Mindfulness and Gratitude in Times of Change

The last year, 2020, hit us like a tsunami, with an unexpected wave of changes and challenges. It taught us that nothing is ever the same, and change is once again the only constant. In times of change, mindfulness brings us the solidarity and peace that helps to center our existence.

Through mindfulness, the practice of present-centered, non-judgmental awareness of things as they are, we can awaken our inner self to recognize and accept things around us. With gratitude, kindness and compassion, we can change our existence to live more peacefully with the impermanence of life.

All of us deserve a little gratitude for what we’ve been through and what we’ve done.

Changing the Landscape of Industries

COVID-19 changed the landscape of many industries, as well as the government. The federal government is not historically known for its agility, flexibility or immediacy in adopting new ideas, but it had to transform quickly to ensure the safety of civil servants while continuing operations. Within days, agencies shed their physical buildings to implement a virtual work environment for employees and established automated systems to allow for effective communications across the nation. Credit for an agile government must go to the civil servants who found ways to continue providing essential and non-essential services in the face of a worldwide pandemic.

Changing the Government

Information technology (IT) teams across government agencies deserve much credit during the early days of COVID-19. Without any notice, IT teams had to implement virtual platforms, address bandwidth issues, simplify file-sharing options and boost security. All of these services played a significant role in the success of the federal employees’ teleworking options. For example, Internal Revenue Service employees continued processing federal tax returns and the U.S. Postal Service continued mail service. Employees from across the government seemed to adopt the Federal Aviation Administration motto, “It’s what you do, not where you do it.”

Over the past year, civil servants adjusted and learned new systems to ensure the continuity of operations without being physically in the office or in the field. Managers learned to lead from afar. Employees worked virtually and learned how to use online platforms such as Zoom and Skype to interact with colleagues and the public. Agencies converted instructor-led training courses into virtual offerings, found new ways to conduct audits, inspections, and investigations, and implemented new processes and procedures to ensure safety and security remained the No. 1 priority.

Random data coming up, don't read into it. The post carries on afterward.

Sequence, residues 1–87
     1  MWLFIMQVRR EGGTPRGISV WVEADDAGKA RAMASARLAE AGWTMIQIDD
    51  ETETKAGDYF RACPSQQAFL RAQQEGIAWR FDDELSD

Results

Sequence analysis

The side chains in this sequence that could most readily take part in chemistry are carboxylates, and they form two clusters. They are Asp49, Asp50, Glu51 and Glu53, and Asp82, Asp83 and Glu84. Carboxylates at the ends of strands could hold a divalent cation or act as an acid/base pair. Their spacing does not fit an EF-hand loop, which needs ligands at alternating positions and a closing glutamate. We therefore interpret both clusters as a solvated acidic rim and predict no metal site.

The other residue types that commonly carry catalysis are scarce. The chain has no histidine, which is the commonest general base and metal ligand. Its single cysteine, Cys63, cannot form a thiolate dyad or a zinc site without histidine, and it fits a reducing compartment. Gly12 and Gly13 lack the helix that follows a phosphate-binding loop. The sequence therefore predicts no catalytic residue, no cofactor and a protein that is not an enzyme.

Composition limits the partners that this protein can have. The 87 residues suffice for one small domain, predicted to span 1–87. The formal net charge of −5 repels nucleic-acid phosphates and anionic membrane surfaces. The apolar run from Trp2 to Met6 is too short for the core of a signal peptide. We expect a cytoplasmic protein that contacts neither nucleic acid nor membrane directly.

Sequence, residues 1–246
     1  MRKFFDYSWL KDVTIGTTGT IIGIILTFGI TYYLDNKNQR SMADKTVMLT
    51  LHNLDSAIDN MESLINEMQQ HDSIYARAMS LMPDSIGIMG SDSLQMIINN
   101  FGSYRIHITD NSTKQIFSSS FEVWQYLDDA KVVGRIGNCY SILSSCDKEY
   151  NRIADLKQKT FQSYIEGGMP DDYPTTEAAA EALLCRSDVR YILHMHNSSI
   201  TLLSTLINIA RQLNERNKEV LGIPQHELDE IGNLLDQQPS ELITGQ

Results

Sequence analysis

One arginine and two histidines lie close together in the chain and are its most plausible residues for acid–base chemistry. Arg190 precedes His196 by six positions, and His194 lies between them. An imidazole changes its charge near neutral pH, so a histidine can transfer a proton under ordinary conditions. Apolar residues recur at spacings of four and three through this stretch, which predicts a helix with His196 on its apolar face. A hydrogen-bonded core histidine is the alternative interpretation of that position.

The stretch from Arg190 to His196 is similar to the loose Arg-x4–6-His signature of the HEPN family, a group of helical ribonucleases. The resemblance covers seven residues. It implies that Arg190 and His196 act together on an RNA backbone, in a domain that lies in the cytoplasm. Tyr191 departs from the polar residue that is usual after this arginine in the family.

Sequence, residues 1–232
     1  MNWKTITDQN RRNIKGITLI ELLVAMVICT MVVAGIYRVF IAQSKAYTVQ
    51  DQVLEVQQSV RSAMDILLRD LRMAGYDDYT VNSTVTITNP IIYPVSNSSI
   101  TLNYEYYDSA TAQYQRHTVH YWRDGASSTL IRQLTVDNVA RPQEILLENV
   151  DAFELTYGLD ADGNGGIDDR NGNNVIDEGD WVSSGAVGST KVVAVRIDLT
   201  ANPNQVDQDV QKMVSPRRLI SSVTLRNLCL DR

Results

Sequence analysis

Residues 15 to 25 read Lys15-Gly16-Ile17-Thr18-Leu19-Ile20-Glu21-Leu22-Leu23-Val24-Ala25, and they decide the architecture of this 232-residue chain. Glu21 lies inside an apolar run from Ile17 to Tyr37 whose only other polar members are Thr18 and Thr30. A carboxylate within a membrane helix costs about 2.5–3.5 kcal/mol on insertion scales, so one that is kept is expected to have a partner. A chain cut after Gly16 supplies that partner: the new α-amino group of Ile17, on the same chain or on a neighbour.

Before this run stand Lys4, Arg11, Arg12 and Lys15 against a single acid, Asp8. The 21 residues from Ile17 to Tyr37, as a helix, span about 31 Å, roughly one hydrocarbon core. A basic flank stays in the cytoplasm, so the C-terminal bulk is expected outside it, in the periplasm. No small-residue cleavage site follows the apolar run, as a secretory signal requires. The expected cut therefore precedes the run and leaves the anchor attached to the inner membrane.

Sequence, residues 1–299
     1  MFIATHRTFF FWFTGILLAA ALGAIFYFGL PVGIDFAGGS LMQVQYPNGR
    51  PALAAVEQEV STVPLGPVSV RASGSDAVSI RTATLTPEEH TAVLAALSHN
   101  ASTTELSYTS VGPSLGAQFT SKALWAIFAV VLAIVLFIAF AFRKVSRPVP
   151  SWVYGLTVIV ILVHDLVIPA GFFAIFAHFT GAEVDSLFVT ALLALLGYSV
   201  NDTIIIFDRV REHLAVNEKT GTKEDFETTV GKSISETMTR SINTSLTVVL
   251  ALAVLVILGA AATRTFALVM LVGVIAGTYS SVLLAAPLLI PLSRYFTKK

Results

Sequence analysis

The federal workforce found ways to help sustain the economy. The Health and Human Services Department and the Defense Advanced Research Projects Agency scientists worked around the clock with the medical and scientific community to identify and approve a vaccine. The Centers for Disease Control and Prevention analysts kept the public informed of the rapidly evolving situation. Together, our workforce directly and indirectly helped instill calm and peace to pacify the fears of the unknown that COVID-19 brought with it.

Our civil servants contributed so much, and continue to do so. Yet, rarely do they receive their due accolades.

Challenge to Commit Actions

So, let’s commit to the following mindful actions as we move forward in our daily interactions. These will help us ensure that in rough waters, we can keep riding high and appreciate our accomplishments.

  • Let’s be mindful and gentle with ourselves in times of change.
  • Let’s practice being in the present.
  • Let’s practice a non-judgmental perspective.
  • Let’s practice kindness and compassion.
  • Let’s all be mindful, and grateful, to the people who have dedicated their careers to serving this country.
  • Reach out and thank someone you know in the government for the compassion, benevolence and positive changes they have given to our nation. They will be grateful that you did.

Thank you to all our civil servants for your dedicated service, collaboration, support, contribution and solidarity!

Interested in becoming a Featured Contributor? Email topics you’re interested in covering for GovLoop to [email protected]. And to read more from our Spring 2021 Cohort, here is a full list of every Featured Contributor during this cohort.

Aloha currently works at the Federal Aviation Administration (FAA) as a Senior Technical Advisor to the Deputy Administrator. Her background is in aviation safety, international trade and transportation, small community air service development, data analysis, marketing and transit safety. She is a graduate of the University of Maryland with a Bachelor’s degree in Transportation, Marketing and Business and a Master’s degree in International Marketing Management. Her goals are process efficiency, strategic planning and organizational culture of mindfulness.

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Aloha Ley

I believe mindfulness is an important topic that is always timely! Thank you for sharing your perspective Andrew! ,

Maddie Willis

Aloha, great message in the blog! I am constantly trying to ‘practice being in the present’ which is a lot harder done than said. Thanks for your post!

Aloha Ley

That is awesome Maddie, as they say…practice makes perfect, so keep perfecting that practice, it gets easier to be in the present moment and to practice gratitude the more you do it. Thank you for sharing your thoughts Maddie!